MUMBAI: Even as nearly one lakh students continue to wait for a (FYJC) seat, the centralized admission process has made allotments to high scorers for a second time in spite of not confirming seats at their top preference in round one.
The repeat allotments during the third merit list resulted in cut-offs soaring to over 95% at some city colleges. If a student is allotted a college listed as the top preference, the student has to confirm the admission. Failing to do so, the student will not get a second chance in any regular rounds. But when the third merit list was announced on July 31, some colleges were allotted students with very high scores, leading to suspicion. For instance, at V G Vaze College, Mulund, there were two vacancies for students from the general category in Science. These seats were allotted to students with 97.83% and 96.8%.
The two students did not turn up for admission during the following three days.
They told TOI they had filled up the form during the first round but stopped following up as they were already studying at an ICSE school and a junior college in Aurangabad. When students do not turn up for admission in round one, their applications are blocked for further rounds but they were assigned the same college in round three.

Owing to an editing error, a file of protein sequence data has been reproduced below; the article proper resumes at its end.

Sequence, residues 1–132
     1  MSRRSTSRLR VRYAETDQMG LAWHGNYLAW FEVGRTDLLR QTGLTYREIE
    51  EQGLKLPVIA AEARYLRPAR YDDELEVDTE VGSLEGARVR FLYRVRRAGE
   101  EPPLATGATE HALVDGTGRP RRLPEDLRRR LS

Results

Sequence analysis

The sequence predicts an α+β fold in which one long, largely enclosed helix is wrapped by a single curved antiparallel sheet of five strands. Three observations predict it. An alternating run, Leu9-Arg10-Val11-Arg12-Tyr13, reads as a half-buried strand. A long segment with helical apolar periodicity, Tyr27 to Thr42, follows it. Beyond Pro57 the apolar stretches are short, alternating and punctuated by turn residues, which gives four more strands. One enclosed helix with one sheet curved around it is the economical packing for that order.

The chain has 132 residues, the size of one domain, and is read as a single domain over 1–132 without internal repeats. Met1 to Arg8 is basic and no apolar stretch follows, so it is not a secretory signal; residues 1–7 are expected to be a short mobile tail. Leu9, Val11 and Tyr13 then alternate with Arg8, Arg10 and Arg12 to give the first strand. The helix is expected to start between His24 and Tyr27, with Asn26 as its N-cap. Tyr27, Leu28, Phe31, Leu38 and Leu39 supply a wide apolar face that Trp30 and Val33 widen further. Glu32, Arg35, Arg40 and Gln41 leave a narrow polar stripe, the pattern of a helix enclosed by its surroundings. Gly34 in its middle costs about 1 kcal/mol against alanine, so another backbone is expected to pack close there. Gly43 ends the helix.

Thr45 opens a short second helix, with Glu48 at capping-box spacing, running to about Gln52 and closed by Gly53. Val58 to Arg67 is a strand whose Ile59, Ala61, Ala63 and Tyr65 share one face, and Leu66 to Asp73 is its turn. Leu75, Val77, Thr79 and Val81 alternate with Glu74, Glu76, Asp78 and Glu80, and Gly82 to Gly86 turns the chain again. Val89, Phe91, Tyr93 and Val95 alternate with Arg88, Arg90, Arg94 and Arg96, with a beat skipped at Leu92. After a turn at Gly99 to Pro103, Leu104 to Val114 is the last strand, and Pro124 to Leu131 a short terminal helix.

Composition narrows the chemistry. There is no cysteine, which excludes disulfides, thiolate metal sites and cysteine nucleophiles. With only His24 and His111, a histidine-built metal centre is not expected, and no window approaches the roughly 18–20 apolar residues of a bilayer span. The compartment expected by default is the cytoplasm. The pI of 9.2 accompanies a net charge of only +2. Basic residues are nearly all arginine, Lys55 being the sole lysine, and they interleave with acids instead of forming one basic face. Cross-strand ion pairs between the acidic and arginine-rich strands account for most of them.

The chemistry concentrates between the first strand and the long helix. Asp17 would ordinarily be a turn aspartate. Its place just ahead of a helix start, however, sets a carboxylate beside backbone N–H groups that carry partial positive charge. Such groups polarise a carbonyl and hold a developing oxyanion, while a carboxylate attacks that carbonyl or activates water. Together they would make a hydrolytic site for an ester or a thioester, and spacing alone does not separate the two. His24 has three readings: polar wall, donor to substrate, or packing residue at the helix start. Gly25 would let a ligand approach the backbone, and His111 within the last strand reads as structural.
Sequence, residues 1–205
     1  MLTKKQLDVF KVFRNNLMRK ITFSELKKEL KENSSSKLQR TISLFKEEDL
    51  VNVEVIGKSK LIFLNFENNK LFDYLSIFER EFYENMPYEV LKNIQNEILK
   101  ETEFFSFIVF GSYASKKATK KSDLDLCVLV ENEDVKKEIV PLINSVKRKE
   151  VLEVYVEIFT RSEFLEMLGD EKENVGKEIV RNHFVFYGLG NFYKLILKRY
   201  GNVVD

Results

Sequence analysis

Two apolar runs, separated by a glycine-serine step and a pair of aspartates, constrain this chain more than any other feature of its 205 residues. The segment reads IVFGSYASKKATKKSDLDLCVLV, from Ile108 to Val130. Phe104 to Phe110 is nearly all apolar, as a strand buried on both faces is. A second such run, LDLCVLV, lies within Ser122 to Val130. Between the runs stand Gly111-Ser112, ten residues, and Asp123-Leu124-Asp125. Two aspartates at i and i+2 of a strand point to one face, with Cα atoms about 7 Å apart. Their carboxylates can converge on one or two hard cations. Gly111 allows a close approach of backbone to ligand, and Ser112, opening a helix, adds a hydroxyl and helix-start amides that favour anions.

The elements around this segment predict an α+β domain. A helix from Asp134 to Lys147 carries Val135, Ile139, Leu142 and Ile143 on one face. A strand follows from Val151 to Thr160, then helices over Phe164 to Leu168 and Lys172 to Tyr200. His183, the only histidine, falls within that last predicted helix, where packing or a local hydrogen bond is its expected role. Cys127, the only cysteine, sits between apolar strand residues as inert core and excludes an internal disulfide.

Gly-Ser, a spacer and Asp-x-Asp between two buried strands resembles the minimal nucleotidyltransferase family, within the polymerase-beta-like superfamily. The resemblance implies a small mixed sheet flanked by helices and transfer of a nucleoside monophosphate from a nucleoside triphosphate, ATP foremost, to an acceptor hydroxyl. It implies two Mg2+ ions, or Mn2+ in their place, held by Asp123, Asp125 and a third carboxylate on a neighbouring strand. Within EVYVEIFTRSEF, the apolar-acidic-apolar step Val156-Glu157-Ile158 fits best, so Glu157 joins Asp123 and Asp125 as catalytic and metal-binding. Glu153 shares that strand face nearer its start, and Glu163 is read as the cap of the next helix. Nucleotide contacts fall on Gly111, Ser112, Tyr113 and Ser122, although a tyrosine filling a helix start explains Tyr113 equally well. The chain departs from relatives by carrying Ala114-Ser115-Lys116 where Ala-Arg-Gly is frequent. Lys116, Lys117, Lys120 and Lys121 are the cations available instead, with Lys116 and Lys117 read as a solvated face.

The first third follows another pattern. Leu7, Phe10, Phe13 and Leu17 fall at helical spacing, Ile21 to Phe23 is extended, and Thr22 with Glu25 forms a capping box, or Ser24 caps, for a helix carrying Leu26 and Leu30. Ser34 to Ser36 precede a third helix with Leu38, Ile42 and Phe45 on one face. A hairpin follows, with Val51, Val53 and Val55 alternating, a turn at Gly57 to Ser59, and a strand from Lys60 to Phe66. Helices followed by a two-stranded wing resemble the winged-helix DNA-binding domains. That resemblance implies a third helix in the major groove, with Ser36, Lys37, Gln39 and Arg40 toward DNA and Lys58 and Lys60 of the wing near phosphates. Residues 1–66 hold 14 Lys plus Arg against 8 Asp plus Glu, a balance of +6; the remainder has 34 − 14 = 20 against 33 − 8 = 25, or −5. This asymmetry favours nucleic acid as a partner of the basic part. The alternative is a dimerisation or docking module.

Similarly, at Ruia College, Matunga, the vacant seat for Arts was allotted to a student with 97.8%. College authorities confirmed the student did not report for admission. The education department too received a complaint from a student allotted R A Podar College, listed as his first preference in round one but once again allotted Jai Hind College in round three.
The education department said it would look into how the system had allotted seats to the students twice. “There could be a problem from the end of the student or the system. We are looking into not only these cases but also investigating if there are more. We are working with the technical team,” said an official. Parents’ groups said these are signs that the online allotment process is not foolproof. “The point of the online admission process is transparency and merit-based allotments. But time and again there have been occasions when there are doubts on its efficiency. We have demanded to see the audit of last year’s process but still haven’t got it,” said Vaishali Bafna, System Correction Movement (SYSCOM), a Pune thinktank tracking the admission process.
College principals too raised questions on how the allotments are made. “Colleges have not been explained how the seats are allotted and often told that a software does the task. But there is no transparency. We have to admit students sent to us,” said the principal of a South Mumbai college.
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